The Department of Environmental Protection imposed a special condition as part of its 2017 certification of water permit approval for the pipeline stipulating that individual state water quality certification is required for pipelines equal to or greater than 36 inches in diameter or pipelines that cross a river regulated by the federal Rivers and Harbors Act of 1899. The Mountain Valley Pipeline is greater than 36 inches in diameter and is designed to run through three such rivers: the Elk, the Gauley and the Greenbrier.

In 2019, the department revised the special condition to require individual water quality certifications for pipelines greater than 36 inches in diameter or crossing a river regulated by the Rivers and Harbors Act of 1899 only if the department secretary believes the requirement should be in place.

The department later purported to waive its requirement that the pipeline obtain an individual water quality certification, but the 4th U.S. Circuit Court of Appeals ruled the department had to engage in proper notice and comment procedures before it could waive the requirement and threw out verification of the water permit by the Huntington District of the Corps for that reason.

In 2019, the DEP revised the special condition to require individual water quality certifications for pipelines greater than 36 inches in diameter or crossing a river regulated by the Rivers and Harbors Act of 1899 only if the DEP secretary believes the requirement should be in place.

Last year, the department stated it would not require an individual water quality certification for the pipeline and requested the Corps incorporate the modification into its water permitting for West Virginia.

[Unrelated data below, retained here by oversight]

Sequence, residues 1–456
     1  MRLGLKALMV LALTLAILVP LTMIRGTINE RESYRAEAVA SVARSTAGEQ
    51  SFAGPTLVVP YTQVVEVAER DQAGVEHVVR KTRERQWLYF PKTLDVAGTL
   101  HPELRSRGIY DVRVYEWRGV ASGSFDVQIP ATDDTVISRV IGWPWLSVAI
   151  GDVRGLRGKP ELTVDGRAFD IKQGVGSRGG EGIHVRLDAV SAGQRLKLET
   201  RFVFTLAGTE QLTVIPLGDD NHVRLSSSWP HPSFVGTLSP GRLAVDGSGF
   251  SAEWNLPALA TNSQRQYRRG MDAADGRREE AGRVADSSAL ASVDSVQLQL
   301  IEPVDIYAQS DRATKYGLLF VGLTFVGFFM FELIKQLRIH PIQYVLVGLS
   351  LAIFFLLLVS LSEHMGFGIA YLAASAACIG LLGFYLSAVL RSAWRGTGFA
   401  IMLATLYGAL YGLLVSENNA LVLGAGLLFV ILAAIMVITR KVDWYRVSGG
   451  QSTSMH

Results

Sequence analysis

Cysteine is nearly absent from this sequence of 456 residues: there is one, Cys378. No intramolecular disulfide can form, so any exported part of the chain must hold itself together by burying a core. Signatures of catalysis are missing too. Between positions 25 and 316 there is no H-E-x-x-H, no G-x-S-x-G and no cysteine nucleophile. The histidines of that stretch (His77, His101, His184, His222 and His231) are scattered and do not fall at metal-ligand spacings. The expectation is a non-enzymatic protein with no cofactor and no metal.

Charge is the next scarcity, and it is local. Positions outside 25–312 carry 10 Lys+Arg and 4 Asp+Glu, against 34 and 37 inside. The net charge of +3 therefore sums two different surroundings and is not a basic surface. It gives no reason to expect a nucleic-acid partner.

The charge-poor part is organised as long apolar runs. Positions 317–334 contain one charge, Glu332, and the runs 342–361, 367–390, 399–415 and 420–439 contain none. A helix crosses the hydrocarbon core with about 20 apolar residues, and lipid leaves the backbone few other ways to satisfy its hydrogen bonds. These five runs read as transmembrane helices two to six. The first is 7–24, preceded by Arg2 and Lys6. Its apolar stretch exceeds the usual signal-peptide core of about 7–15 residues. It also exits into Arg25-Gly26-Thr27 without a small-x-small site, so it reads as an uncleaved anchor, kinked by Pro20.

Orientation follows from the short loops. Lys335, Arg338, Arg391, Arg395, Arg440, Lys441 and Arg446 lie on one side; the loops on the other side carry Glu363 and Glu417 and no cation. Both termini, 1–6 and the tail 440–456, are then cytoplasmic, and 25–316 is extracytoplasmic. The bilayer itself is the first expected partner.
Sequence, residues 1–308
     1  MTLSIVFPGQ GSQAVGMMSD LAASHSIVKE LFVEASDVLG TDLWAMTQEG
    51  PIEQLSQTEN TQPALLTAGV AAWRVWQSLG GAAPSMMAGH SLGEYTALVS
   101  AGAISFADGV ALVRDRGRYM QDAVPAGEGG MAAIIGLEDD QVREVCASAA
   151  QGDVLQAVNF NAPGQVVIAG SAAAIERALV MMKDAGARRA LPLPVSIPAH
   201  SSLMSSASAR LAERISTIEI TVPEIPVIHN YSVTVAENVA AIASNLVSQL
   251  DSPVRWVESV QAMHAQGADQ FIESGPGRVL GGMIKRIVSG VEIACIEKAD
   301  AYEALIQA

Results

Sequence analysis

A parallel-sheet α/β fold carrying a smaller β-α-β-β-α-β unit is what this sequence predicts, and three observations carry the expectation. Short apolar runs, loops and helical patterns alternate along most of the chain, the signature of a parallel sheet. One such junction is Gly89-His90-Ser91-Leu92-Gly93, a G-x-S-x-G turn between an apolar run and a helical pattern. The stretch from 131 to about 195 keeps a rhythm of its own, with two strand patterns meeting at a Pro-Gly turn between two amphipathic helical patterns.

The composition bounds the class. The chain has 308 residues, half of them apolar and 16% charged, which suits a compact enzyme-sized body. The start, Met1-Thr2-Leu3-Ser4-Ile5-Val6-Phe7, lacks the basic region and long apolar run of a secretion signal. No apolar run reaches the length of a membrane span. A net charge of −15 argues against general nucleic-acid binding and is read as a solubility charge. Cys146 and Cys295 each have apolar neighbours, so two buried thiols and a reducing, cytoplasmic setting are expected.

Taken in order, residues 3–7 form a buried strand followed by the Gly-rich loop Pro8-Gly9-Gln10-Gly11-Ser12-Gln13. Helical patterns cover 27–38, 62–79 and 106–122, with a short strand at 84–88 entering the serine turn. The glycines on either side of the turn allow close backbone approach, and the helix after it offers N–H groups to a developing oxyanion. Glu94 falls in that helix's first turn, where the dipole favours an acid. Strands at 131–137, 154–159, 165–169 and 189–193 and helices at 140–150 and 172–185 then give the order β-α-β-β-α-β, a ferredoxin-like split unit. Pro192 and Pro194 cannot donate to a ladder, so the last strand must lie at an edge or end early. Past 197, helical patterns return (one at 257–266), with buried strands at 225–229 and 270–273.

But following Mountain Valley’s abandonment of its Corps-issued blanket water permit, the Corps’s current provision of an individual permit process for the department has the pipeline back under state regulator scrutiny.

“The WVDEP will consider whether the components of the activity, resulting in a discharge to waters and contemplated by the federal [Army Corps] permit and Federal Energy Regulatory Commission [FERC] license, will comply with the state’s water quality requirements and what conditions may be necessary to ensure that compliance,” acting department spokesman Terry Fletcher previously said in an email.

Traveling from Northwestern West Virginia to Southern Virginia, the 303-mile pipeline is projected to provide up to 2 billion cubic feet per day of natural gas from the Marcellus and Utica shale formations to markets in the mid-Atlantic and Southeastern regions of the U.S., crossing Wetzel, Harrison, Doddridge, Lewis, Braxton, Webster, Nicholas, Greenbrier, Fayette, Summers and Monroe counties in the Mountain State.

Reach Mike Tony at mtony@hdmediallc.com, 304-348-1236 or follow @Mike__Tony on Twitter.